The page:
A Walk In The Woods

Part of the excitement of living in a tropical country is getting the opportunity to meet all the wonderful inhabitants that call this majestic ecosystem home. The rainforest is rich in biodiversity and the forests of Belize are no exception. So, shall we go for a jaunt in the jungle?


From birds, to bats, to bees… this forest has it all. By day toucans sing amongst the canopy and by night you can fall asleep to the chorus of frogs. On this particular evening I set out for a stroll to see what was out and about. Part of my work in Belize is to train interns about tropical ecology survey methodology as well as the identification of neotropical organisms, so tonight I was joined by an individual who is creating a project to work with amphibians. So into the woods we go!


So many mud turtles. We found three individuals tonight (quite turtlely indeed, if you ask me) and as the name implies, they like to bury themselves in the mud that resides at the bottom of rivers, ponds, and streams. They’re quite a funky little turtle too, and not in the good P-F-U-N-K kinda way, but in the WOW. This turtle REALLY smells like a rotten piece of meat. Despite their funkity funk funk, they are quite adorable.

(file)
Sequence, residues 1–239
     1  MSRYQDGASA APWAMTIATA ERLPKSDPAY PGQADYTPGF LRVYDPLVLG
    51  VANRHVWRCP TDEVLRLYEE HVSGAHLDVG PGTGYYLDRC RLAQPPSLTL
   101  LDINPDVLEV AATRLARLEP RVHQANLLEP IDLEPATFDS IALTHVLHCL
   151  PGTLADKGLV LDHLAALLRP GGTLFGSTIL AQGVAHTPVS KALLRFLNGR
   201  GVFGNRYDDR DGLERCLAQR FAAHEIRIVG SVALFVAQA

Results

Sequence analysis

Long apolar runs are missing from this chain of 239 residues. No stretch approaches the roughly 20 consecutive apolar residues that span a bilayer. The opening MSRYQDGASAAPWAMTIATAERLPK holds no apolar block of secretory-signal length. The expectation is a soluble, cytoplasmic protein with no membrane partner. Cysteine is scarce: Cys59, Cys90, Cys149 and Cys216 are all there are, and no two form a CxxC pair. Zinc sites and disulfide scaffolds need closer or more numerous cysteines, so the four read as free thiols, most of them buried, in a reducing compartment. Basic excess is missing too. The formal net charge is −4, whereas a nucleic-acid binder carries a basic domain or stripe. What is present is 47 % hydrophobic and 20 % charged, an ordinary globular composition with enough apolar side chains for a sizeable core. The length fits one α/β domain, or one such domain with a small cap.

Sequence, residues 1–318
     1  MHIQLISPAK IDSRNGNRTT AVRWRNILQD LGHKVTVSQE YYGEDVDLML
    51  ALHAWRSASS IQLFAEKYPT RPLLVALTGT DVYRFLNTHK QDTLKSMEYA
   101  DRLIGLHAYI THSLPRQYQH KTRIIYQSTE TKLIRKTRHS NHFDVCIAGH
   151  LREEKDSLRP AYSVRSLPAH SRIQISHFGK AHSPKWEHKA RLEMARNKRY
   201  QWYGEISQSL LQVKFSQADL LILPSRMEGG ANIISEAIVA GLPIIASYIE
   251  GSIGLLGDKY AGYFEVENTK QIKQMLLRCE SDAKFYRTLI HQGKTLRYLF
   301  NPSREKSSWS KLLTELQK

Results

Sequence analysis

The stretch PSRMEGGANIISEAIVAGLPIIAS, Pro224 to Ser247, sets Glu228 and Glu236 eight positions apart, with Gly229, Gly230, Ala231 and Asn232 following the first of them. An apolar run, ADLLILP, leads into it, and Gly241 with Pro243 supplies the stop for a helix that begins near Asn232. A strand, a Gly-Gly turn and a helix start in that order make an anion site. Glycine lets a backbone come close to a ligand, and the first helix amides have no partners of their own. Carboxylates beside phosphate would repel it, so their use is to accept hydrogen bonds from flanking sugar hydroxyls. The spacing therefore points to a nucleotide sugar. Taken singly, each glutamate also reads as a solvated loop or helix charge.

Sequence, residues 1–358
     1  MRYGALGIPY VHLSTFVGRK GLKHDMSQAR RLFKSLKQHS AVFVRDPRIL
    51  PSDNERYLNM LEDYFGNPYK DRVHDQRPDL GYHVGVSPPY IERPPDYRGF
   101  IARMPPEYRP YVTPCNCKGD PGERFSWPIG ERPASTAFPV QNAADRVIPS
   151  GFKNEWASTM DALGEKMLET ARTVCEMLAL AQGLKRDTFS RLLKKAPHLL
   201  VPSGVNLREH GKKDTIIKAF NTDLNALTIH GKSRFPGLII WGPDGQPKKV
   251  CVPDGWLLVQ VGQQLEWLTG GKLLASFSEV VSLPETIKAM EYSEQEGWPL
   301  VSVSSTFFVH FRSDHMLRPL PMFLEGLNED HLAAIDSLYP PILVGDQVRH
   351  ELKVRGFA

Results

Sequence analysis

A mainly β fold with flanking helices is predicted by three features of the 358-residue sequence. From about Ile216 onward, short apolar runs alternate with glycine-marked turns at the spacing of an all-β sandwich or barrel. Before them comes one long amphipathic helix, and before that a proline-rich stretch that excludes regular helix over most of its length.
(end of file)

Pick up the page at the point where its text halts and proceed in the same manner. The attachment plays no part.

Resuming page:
It was not long before we found some frogs. The first amphibian of the evening was this Rain Frog, Craugastor sabrinus. This species is threatened in Belize by habitat loss, so it is great to see a thriving population at TREES.


We found a few Vaillant Frogs, Lithobates vaillanti. They are quite ubiquitous, but never do they cease to me amaze me with their beautiful coloration.


We observed some baby hummingbird action and later we were privileged to meet a few magnificent mammals; an opossum, a kinkajou, and then this creature…


Unfortunately I am lacking photographic evidence, but this was quite a monumental experience for me. Of the eight years I have been traveling to Central America, I have never once observed a big cat in the wild. This particular individual was crossing a limb to my right and I may have not seen it, but my torch caught its neon-orange eye shine. Upon discovery, the ocelot turned, and in a flash of spots, it vanished into the night. It was then, as quickly as it was first observed, the cat was gone.

Now that is a good way to end an evening in rainforest.


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